Exercise variety promotes healthy eating

Being able to pick your own workout could have benefits even after you hang up those dumbells.
11 October 2017


 This image shows a display of healthy foods on a table. Foods include beans, grains, cauliflour, cantelope, pasta, bread, orange, turkey, salmon, carrots, turnips, zucchini, snowpeas, string beans, radishes, asparagus, summer squash, lean beef,...


Researchers have found evidence that more choice during exercise results in healthier eating after exercise. This finding highlights how both behaviours are connected and how we may use this information to our advantage.

The role exercise plays in keeping us healthy is complex. A prime example of this is found in exercise programs for weight loss. When it comes to weight loss, exercise is not always as effective as we may hope.

One reason for this is may be due to post-exercise eating. This can be highly variable; on some occasions, exercise helps motivate healthy eating, but on others, exercise can be a licence to indulge.

Researchers from The University of Western Australia have shed some light on the link between exercise and diet. Publishing in Medicine and Science in Sport and Exercise, they demonstrate that the participants' sense of choice in an exercise session affected the type of food eaten afterwards when presented with a breakfast buffet.

Participants were randomised to either a ‘choice’ or ‘no-choice’ group. The choice group could choose details about their exercise session such as the type of exercise, the duration, the intensity, the time and even the radio station playing in the background. Every lucky participant in this choice group was paired to a participant in the no-choice group with none of these options.

The matching pairs were similar in many respects. They were the same gender, a similar height, weight, level of fitness and importantly they expended a similar amount of energy in their respective exercise sessions. The difference was that one group had choice and the other group were told what to do.

However, the clever part of the experiment was that the true nature of the study was only disclosed to participants after they had their fill at the breakfast buffet. As participants tucked into their food they were not aware that what they were eating was being secretly measured. Lead author Natalya Beer explained, “When we presented the food buffet to them we actually said it was a thank you gesture”.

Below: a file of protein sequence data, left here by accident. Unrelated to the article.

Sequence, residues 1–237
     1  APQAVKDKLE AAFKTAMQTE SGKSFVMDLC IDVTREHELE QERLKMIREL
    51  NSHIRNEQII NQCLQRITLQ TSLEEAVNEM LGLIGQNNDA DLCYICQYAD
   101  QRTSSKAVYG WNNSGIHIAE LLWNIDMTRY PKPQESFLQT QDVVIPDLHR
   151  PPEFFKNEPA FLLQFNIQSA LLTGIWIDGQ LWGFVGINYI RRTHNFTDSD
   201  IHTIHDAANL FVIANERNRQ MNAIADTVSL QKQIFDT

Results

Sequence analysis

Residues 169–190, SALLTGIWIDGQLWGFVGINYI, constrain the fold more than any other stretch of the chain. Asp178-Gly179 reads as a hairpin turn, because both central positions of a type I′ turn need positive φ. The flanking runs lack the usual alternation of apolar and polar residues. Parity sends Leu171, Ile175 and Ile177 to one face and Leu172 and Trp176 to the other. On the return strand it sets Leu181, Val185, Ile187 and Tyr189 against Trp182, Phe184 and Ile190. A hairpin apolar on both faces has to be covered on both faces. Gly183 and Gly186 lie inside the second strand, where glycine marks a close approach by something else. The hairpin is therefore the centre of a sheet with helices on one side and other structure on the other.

The researchers even confirmed the participants' ignorance with what is known as a ‘suspicion probe’. It’s not as sinister as it sounds; it was a questionnaire asking the participants what they thought the purpose of the study was. This was important to make sure participants weren't self-conscious about the food they were eating.

The results showed that those participants who were deprived of choice had an energy intake that was about 30% higher than the picky participants in the choice group. Furthermore, the choice deprived participants ate more ‘unhealthy type’ foods.

So what could be going on here? The researchers hypothesised that perhaps being deprived of choice meant more willpower was required to complete the exercise session. Therefore, there was less willpower available when participants were deciding whether or not to have that extra muffin at the breakfast buffet. This is called ‘ego-depletion’.

There is a theory that ego-depletion is accompanied by lowered glucose levels but the researchers measured glucose levels and found no difference between groups. Uncovering the biological mechanism responsible remains an important question for this field.

However, there is still a lesson to be learned. As Natalya put it, “It seems that simple acts of providing choice in an exercise session, if they can influence the way we behave in a positive way after exercise, then why not incorporate those aspects; it’s an important consideration for those who exercise themselves to get the most out of exercise but also for people motivating others to exercise”.


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